The United States for Computer Science

Policies in 44 states are bringing CS to the classroom

Computing has quickly become an integral part of our lives, changing everything from how we live, how we work, to how we interact with each other. As a catalyst for social change and the number one source of all new wages in our economy with more than 500,000 open computing jobs available across the country, why aren’t U.S. schools providing our students with the opportunities to learn computer science?

We’ve done some digging and are excited to share our new national report on the state of computer science education and policy and the first look at school-level data on the availability of computer science in high schools.

Computer science is one of the few policy issues that can address both foundational education needs and workforce development demands for a state’s future workforce. Since day one, Code.org’s mission has been how we can give every student across the country access to learning this fundamental subject. And when the Code.org Advocacy Coalition began its work in 2013, just 14 states plus Washington, D.C. had at least one of nine policies in place addressing the importance of computer science education. These policies include state funding for professional learning for computer science teachers, requiring all schools to offer computer science, and the establishment of K-12 computer science standards.

Through the tremendous work of partners across the country and broad bipartisan support from state and national leaders, 44 states have enacted one or more of these policies. And since the last report in 2017, 33 states have passed new laws and regulations to expand access to K-12 computer science.

But we’ve found that across 24 states, only 35% of high schools in the U.S. offer computer science. Black and Hispanic students, students receiving free and reduced lunch, and students from rural areas are less likely to attend a school that provides access to this critical subject.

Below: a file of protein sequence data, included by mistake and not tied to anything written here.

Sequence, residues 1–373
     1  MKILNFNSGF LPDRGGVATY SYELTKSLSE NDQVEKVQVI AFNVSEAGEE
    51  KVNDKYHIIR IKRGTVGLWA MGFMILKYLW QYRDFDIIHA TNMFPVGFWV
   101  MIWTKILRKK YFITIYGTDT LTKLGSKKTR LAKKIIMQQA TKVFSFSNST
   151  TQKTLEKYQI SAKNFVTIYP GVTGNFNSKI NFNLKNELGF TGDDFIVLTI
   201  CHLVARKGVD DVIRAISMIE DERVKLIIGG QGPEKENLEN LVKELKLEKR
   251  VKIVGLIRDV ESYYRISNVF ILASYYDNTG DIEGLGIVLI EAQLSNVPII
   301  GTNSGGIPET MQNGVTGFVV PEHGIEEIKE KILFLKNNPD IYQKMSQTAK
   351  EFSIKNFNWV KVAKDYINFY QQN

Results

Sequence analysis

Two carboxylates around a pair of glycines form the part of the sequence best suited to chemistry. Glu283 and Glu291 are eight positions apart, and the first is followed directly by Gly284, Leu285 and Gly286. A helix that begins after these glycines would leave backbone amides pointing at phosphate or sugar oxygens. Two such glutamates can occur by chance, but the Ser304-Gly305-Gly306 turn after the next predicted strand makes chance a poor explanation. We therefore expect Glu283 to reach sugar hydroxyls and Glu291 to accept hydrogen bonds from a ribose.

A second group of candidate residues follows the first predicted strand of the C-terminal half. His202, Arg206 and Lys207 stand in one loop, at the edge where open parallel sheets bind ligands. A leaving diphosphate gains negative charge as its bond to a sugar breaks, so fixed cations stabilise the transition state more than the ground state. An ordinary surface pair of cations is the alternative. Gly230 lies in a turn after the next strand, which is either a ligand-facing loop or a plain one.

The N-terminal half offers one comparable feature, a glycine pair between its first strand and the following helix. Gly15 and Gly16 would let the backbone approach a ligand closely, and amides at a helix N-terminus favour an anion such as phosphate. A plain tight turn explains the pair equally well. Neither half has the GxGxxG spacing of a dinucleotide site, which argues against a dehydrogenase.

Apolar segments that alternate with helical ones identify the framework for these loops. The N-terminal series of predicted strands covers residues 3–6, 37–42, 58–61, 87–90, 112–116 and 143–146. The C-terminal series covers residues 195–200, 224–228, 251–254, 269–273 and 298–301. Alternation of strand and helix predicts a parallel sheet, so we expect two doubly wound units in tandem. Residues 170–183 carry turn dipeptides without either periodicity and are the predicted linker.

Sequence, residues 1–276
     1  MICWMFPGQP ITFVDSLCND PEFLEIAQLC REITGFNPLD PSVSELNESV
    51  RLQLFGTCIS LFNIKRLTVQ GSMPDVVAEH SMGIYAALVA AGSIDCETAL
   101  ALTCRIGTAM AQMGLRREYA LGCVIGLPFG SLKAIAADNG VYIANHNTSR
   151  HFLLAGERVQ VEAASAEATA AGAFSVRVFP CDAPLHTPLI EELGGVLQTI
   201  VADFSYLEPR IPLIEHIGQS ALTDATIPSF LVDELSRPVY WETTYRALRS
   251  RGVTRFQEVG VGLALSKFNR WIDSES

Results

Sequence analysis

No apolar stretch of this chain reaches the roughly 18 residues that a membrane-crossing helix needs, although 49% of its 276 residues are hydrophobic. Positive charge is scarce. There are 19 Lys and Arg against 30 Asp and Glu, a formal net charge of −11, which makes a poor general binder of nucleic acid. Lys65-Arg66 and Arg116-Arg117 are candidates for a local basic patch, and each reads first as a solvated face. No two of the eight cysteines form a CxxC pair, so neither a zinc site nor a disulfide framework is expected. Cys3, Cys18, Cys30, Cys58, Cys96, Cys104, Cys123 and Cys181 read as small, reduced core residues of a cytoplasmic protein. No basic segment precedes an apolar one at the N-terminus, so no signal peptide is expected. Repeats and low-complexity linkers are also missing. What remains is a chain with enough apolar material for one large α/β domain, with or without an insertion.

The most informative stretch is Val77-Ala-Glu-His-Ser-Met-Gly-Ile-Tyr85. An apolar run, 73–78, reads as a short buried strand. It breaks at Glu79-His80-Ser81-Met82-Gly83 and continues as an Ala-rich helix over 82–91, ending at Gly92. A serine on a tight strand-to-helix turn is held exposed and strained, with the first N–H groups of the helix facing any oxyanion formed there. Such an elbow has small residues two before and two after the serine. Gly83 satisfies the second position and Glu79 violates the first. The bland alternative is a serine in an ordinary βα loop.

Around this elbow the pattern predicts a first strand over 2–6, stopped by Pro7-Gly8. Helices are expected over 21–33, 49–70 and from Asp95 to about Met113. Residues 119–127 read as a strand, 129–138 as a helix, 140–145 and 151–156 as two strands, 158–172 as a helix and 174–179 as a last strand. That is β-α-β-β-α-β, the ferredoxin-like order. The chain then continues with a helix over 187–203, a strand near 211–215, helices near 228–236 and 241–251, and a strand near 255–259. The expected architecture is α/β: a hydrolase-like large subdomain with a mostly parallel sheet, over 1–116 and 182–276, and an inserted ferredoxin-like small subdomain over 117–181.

The big question we’ve asked is, do these policies mean that more students have access to K-12 computer science? In states that have enacted more of these nine policies, a greater percentage of schools provide students access to K-12 computer science!

States should enact or expand on all nine of these education policies to provide opportunities for all students, and states that have adopted some or many of these ideas should continue to focus on implementation. We must give every student the tools and resources to succeed regardless of where they live, their race/ethnicity, gender, or socioeconomic status.

“Computer science classes provide critical skills that are needed across the digital economy, from manufacturing to marketing and beyond,” said Brad Smith, President of Microsoft. “Today’s progress is worth celebrating but this work is far from over. We hope that every state passes laws, by the end of the year, to ensure that all students, no matter his or her background, can learn to code.”

We want every state to have the tools they need to help prepare their students for the future! For the third year in a row, the State Policy Forum hosted by Code.org and the Computer Science Teachers Association (CSTA), has brought together state and national leaders committed to K-12 computer science education to learn how they can bring these nine policies to place in their state.

“This report paints a hopeful picture of the state of computer science and the key role that teachers play in turning policy into reality for students,” said Jake Baskin, Executive Director of CSTA.

“Code.org’s Advocacy Coalition is leading one of the largest bipartisan movements for change across our entire education system with 44 states adopting policies to support expanding access to K-12 computer science. This report shows our policy agenda is now fulfilling the coalition’s vision that every student should have an opportunity to take high quality K-12 computer science in their local schools.” Cameron Wilson, President of the Code.org Advocacy Coalition.

Opening the doors to K-12 computer science education is crucial to addressing equity, workforce, and education issues on a bipartisan basis. Let’s continue the support and momentum we have seen for this critical subject!

See how your state stacks up in our full report.

Pat Yongpradit — Chief Academic Officer, Code.org

Jake Baskin — Executive Director, CSTA